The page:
Saturday, May 2, 2020

AMERICAN DIRT by Jeanine Cummins

Jeanine Cummins, author of American Dirt has been caught in a storm of criticism for being a non-Mexicana to have written a novel about Mexicanos crossing the border from Mexico to the USA. By foot, by train, by car, in the blazing sun, in the pouring rain, and by sheer determination to survive the brutal journey.

How dare Cummins spend years researching the lives of the people in Mexico. How dare she use that research to develop characters like Lydia and Luca, who have witnessed their loved ones brutally massacred by one of the many omnipresent drug cartels in Mexico. And characters like Rebeca and Soledad who as young pretty females have the added burden of surviving the atrocities that young pretty females survive as they flee from their nightmares. And salt-of-the-earth light-skinned characters whose empathy causes them to put out jugs of water in the middle of a desert so that the Lydias and Lucas and Rebecas and Soledads can stay hydrated and walk another day.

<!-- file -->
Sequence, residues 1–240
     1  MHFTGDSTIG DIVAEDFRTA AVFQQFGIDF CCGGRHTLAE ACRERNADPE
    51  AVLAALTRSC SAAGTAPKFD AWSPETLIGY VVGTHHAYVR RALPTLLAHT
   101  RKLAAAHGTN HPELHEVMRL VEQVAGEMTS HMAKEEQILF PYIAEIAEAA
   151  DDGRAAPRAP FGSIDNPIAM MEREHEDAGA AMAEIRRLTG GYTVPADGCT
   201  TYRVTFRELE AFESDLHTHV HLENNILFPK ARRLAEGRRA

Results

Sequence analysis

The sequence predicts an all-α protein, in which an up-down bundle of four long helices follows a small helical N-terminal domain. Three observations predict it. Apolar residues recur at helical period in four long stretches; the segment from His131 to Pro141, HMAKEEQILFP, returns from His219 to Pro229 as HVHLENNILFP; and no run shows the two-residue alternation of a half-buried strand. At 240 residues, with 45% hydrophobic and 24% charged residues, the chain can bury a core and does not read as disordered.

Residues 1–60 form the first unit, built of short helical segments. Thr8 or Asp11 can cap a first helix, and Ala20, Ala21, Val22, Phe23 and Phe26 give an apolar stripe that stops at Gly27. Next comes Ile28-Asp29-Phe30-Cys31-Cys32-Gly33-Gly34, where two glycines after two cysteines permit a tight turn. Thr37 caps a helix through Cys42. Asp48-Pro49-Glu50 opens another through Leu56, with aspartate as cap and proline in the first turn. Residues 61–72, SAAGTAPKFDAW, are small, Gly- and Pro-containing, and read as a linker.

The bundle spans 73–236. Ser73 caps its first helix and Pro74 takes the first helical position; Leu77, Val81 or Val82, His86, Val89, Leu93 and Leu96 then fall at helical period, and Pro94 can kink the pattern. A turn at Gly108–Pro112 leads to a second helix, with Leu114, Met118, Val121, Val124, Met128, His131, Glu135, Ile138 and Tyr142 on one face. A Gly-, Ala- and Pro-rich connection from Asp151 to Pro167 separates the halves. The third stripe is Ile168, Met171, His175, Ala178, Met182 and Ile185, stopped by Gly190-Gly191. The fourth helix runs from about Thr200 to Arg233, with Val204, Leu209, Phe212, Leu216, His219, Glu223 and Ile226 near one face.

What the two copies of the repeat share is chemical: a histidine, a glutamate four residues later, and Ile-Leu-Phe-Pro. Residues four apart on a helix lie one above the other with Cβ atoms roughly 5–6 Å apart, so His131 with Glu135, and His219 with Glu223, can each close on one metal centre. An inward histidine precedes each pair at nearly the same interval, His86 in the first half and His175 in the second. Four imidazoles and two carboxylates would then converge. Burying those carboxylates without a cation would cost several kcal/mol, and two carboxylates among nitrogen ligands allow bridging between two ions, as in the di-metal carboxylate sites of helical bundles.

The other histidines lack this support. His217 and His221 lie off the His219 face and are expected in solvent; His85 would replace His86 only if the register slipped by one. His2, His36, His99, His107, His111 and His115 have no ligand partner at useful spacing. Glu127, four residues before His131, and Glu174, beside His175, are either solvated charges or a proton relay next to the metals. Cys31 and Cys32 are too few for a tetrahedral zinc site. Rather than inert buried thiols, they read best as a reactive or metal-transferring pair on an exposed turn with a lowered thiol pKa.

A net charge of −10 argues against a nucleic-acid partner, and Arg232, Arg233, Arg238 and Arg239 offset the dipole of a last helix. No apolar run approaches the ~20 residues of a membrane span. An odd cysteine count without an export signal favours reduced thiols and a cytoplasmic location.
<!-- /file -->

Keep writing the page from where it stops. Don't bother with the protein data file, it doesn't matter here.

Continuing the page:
How dare she construct a story that raises awareness about the ultimate appropriation of stripping the word "America" to have it mean 'Merica where 'Mericans speak 'Merican and Mexicans speak Mexican and should get their lazy brown asses out of 'Merica and go back to their own country, God damn it.

How dare the US citizen Cummins fall in love with and marry an undocumented immigrant and in the process witness and understand how in-the-shadows undocumented immigrants exist in 'Merica, with the stigma and the scapegoating that populists like Trump cast on them.

I close this book grateful to know that Lydia and Luca make it to el norte. And I wonder about the days ahead of them ... the dirt in the houses they will clean, the dirt on the fruit they will dust off and pick.

I walk this earth looking at the dirt below me and catch myself when I assume that dirt exists where it has always been ... but deep down knowing that dirt (like all things) travels, beyond borders that are constructed and imagined, as we rightfully aspire for the dream of belonging. And in that dream, witnessing Luca becoming the valedictorian who dares to speak about the dignity of survival and how survival is the foundation to actualizing.

How dare he.